Close-up of back side connectors

The internal AC power supply is rated at a maximum of 800-watts. This is orders of magnitude above what would be required even in the most challenging of circumstances. The massive capacitors on the power-supply board ensure that you won't suffer voltage drops, regardless of the demand placed on the unit.

Close up of capacitors on the power-supply board

Driving a pair of Vivid Audio's Kaya 90's with six separate drivers each, listening to Michael Murray's recording of Messiaen's Dieu parmi nous (from La Nativité) at an elevated volume that is sure to wake the neighbors, I measured a draw of 49.9-watts from the wall, with a power factor of 0.49. At "normal" listening levels, the Perca draws closer to ~19 watts of wall current with these speakers. That's a main benefit of class D, efficiency. Sure, it helps that the Vivid's are also nicely efficient (90dB @ 2.83VRMS at 1m on axis). But you get the idea. 

The look of the device, as is the case with all Mola Mola products, is simple elegance. Each of the devices in their product line features the same style of casing, a gentle curve across the top that extends down the front of the unit as a single piece of material. 

Side view with the telltale "swoop"

The connections on the back are clearly labeled and easily recognizable. The front power button is a small silver 'dot' about 2mm in diameter that gives a firm and satisfying click when pressed. You can also switch the unit on/off via a standard 12v trigger connection. There is a single LED along the top edge the lights up white when on, and a dim red when off. This same lighting and button philosophy carries through the entire Mola Mola lineup and I'm so glad it does. I can at a glace see the status of the Mola Mola gear without it lighting up the room. 

A magnificent pairing: Perca amplifier on the left; matching Mola Mola Tambaqui DAC on the right

Both the Perca amp and the matching Mola Mola Tambaqui DAC share the same half-width chassis cabinet design and look perfectly well blended when sitting next to each other. Neither looks out of place. It's obvious that these two belong together.

Mola Mola and its Malaysian manufacturing partner, Seetek, are part of the Hypex family of companies. Mola Mola and Hypex create the designs and Seetek handles the manufacturing. A short video of the manufacturing facility can be found HERE.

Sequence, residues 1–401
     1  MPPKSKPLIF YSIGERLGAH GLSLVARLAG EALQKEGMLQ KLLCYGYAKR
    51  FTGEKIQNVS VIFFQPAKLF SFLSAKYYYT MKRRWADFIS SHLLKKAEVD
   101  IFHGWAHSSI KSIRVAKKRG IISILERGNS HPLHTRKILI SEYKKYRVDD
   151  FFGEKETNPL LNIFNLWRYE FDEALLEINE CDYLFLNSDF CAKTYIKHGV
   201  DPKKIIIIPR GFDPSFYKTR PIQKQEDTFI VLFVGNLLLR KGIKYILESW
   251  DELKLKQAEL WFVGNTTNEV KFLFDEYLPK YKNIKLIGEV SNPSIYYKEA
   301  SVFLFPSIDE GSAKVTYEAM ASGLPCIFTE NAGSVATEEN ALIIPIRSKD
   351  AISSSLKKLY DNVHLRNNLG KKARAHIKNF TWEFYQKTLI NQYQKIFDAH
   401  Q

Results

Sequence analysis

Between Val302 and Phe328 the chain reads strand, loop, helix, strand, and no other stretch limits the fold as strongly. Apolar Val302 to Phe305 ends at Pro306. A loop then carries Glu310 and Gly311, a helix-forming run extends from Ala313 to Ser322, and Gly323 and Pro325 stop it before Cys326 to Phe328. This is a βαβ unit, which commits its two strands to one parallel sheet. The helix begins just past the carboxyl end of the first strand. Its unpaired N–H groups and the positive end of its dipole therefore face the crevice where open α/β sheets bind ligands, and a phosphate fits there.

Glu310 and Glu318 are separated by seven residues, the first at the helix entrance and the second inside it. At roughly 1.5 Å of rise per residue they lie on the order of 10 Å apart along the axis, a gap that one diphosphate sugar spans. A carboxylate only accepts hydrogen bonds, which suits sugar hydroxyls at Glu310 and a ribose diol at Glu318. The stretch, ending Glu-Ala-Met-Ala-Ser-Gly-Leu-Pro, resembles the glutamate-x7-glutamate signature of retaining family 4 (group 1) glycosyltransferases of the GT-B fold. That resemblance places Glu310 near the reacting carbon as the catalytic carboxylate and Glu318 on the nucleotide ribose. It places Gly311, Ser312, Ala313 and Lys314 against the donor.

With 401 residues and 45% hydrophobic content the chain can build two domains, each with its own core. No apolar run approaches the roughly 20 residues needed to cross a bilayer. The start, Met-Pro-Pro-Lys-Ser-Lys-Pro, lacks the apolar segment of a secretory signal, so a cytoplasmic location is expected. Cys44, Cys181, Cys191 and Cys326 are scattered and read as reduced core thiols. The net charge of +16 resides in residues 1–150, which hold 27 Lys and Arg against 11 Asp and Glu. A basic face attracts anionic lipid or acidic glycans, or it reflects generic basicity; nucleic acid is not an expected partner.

Hypex also caters to the DIY market and makes boards and components for hobbyists via http://diyclassd. Many of the previous generation amp design boards used by Mola Mola can be sourced directly from Hypex. The Perca is the 5th generation of class D amps made by Mola Mola. This new generation features a completely new architecture called Trajectum and is unique to Mola Mola. 

Mola Mola's newest creation, the Trajectum class D design

Inner workings: Connection board (left), power supply (top and right), Trajectum amplifier board (center)

Another interior view

Back in 2003, Hypex created a new class D design known as UcD (Universal Class-D). Eight years later Hypex and Mola Mola developed and implemented a newer design, called "NCORE", followed by its successor "NCOREx." The original UcD architecture featured a TDH of 0.02% which was remarkable for 2003. In 2011 the NCORE design dropped the THD to 0.01% THD. Followed by NCOREx at a staggering 0.0006% THD. The new Trajectum drops that in half down to the previously mentioned 0.0003% THD. 

When using the Perca, I'd recommend speaker cables with banana plug connectors rather than the spade lug type. Due to the narrow width of the unit, the terminals are somewhat close together. Using cables that come straight out of the back will make setup less cumbersome. I'm using a pair of Kubala-Sosna cables that I adore. They are very heavy and thick with large spade lug screw-down type connectors. When connected to a half-width amplifier such as the Perca, they are somewhat unwieldly. 

Nonetheless, the Mola Mola Perca screams excellence in every dimension. If this is your budget range, then you simply must give the Perca very serious consideration!

Perca Amplifier

Retail: $9850

US Distributor

In the US, additional information on the Perca, as with the complete line up of Mola Mola products, can be obtained from their authorized dealer, Bill Parish of GTT Audio.

GTT Audio


Post scriptum

I'll be submitting a separate review of the Tambaqui DAC, mentioned earlier in this review article. When I had initially set out on this review, I had intended to combine both products into a single submission. However, there was just so much to say about the Perca that it deserved its own place in the spotlight.

That's true of the Tambaqui, as well! Stay tuned!

All photographs by Dean Waters, except the album cover images.